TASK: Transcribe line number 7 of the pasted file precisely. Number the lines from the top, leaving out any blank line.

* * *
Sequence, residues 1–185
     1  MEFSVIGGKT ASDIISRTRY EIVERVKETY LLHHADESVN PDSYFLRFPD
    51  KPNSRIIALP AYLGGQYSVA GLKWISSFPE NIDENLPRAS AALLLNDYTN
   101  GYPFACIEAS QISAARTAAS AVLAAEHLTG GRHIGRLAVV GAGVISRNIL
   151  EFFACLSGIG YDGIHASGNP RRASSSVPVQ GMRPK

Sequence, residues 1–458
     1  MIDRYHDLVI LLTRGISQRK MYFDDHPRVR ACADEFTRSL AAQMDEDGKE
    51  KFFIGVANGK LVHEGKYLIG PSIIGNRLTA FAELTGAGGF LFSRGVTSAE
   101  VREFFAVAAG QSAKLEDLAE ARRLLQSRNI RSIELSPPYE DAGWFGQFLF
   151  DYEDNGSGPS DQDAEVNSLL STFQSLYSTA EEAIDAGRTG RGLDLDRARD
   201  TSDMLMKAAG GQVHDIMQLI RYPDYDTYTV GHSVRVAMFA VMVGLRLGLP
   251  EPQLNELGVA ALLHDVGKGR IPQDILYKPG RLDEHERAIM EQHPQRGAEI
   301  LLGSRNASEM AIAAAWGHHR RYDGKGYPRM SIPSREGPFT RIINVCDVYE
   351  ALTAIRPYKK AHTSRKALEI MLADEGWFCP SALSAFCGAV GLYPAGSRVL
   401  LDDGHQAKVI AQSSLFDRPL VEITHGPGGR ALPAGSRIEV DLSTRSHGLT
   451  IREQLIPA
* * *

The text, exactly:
     1  MIDRYHDLVI LLTRGISQRK MYFDDHPRVR ACADEFTRSL AAQMDEDGKE